BEDFORD ARCHITECTURAL ARCHAEOLOGICAL & LOCAL HISTORY SOCIETY
BEDFORD LOCAL BOOK REVIEW
BOOK REVIEW by Richard Wildman
‘We Wouldn’t Have Missed It For The World’
THE WOMEN'S LAND ARMY IN BEDFORDSHIRE 1939-1950
By Stuart Antrobus
Book Castle Publishing 2008. £16.99. ISBN 978 1 903747 93 3.
It is rare for the author of a local history book to have to start by creating his own archive, but this is what Stuart Antrobus did in writing the history of the Women’s Land Army (WLA) in Bedfordshire during, and immediately after, the Second World War.
In the absence of any systematic official records, Stuart set out to interview surviving ‘Land Girls’ (the colloquial name for WLA members) and to trace other documents in various national and local collections. The card index to the service files of 200,000 national WLA members is held by the Imperial War Museum at Duxford, Cambs, and this (with other information) enabled Stuart (and a team of helpers) to compile a fairly definitive list of all Bedfordshire Land Girls.
The WLA was formed shortly before the outbreak of war, to provide a mobile labour force of young women to replace male farm and market garden workers who would be called up to serve in the armed forces. A separate part of the WLA was the Women’s Timber Corps of about 6,000 ‘Lumber Jills’, who worked in forests and timber mills. Lady Denman, a leading figure in the Women’s Institute movement, was the driving force behind the WLA, which was not in fact an ‘army’ at all, but a civilian organisation under the Ministry of Agriculture. Owing to the need to continue intensive cultivation of the land in the years after the end of the war, the WLA survived until 1950.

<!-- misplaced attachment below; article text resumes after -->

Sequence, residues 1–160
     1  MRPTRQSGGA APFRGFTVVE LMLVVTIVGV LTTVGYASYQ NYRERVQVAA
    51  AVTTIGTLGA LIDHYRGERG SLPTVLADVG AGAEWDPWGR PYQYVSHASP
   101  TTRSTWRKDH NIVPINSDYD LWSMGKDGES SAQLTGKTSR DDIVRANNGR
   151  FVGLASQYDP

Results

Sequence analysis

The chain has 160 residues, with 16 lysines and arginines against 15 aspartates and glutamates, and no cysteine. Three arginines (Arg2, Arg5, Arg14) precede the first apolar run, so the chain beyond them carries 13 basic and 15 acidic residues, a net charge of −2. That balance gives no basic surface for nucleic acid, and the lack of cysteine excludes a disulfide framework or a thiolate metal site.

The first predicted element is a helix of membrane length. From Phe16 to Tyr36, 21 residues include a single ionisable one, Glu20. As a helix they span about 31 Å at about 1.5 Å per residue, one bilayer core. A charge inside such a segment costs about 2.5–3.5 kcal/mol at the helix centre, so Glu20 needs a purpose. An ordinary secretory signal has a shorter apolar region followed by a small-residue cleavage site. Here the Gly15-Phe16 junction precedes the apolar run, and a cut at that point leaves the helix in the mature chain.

WLA HQ in Bedford recruited the Land Girl volunteers (who were not subject to military discipline) and gave them uniforms (including woollen jumpers, britches and dungarees, together with short greatcoat and hat) and training. They were allocated to individual farms, or to the county ‘War Ag’, the War Agricultural Executive Committee, which had draconian powers over food production, and was therefore much resented by many farmers. These ‘gang girls’ were housed and fed in hostels provided by the county WLA, from which they were sent out to farmers according to seasonal needs. In 1943, Stuart records, there were 517 Land Girls working in Bedfordshire, who received, after paying for their billets, a minimum net wage of 22s.6d (£1.12 ½ p) for a 48-hour week. We could say this equates to around £50 in today’s values, so it wasn’t a generous pay packet even then.
Many farmers were sceptical about the ability of girls to do men’s jobs, but these doubts were swiftly dispelled. The strength of Stuart’s book lies in the way he has woven (sometimes bizarre) personal reminiscences into the administrative history of the WLA, and interspersed the story with contemporary photographs, which give great immediacy to the printed narrative.
Apart from the list of Land Girls (already mentioned) the book includes a chronology, notes, and detailed index, making this a valuable work of reference as well as an interesting story told in a lively manner. Stuart’s initiative in contacting as many surviving Bedfordshire Land Girls as possible, and recording their personal memories, is highly commendable. Attractively designed by The Book Castle, this book is a model of how near-contemporary history should be researched, written and published.